China will now allow married couples to legally have a third kid amid concerns that its shrinking number of working-age people will threaten the country’s future prosperity and global influence.
The ceremonial legislature updated the Population and Family Planning Law on Friday to address the consequences of the plummeting birthrate.
China has tried for decades to control the population, beginning with a policy imposed in 1979 that strictly limited couples to one child.
Couples who didn’t follow the rule faced fines or loss of jobs — and in some cases, mothers were forced to undergo abortions.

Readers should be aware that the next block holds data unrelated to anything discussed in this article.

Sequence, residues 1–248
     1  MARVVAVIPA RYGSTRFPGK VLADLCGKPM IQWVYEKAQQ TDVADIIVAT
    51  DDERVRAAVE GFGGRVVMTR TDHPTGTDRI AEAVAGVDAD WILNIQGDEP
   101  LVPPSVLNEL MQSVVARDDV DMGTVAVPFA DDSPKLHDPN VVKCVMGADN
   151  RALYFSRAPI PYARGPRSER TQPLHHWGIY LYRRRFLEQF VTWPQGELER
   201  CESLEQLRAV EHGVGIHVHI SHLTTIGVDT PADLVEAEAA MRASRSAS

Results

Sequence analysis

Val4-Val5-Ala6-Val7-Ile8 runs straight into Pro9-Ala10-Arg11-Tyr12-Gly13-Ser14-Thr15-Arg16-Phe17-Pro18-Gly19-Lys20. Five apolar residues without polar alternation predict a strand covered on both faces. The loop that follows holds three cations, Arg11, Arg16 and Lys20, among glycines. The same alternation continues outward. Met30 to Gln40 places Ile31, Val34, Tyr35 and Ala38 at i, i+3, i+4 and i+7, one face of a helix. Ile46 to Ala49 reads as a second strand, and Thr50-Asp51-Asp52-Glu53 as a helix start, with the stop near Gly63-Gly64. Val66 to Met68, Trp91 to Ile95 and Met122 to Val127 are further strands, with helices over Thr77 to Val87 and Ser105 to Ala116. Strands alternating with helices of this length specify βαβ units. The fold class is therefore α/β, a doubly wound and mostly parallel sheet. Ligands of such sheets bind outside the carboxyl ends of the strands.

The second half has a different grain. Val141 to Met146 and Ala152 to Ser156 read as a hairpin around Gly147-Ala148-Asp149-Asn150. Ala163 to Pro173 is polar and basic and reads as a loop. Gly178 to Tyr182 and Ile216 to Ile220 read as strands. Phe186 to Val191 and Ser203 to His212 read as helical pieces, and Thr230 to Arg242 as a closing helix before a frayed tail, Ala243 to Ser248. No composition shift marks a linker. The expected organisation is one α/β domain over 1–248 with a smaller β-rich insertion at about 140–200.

A preference for sons also led parents to kill baby girls, causing a massive imbalance in the sex ratio.
The number of working-age people, meanwhile, has fallen over the past decade and the population has barely grown, adding more strain to an aging society.
Chinese people over 60 accounted for 18.7% of the country’s total population in 2020, 5.44 percentage points higher than in 2010. Meanwhile, the working-age population in the country fell to 63.3% from 70.1% a decade ago.
With growing fears that the country would grow old before it became wealthy, the family planning rules were changed for the first time in 2015 to allow two children.
With Post wires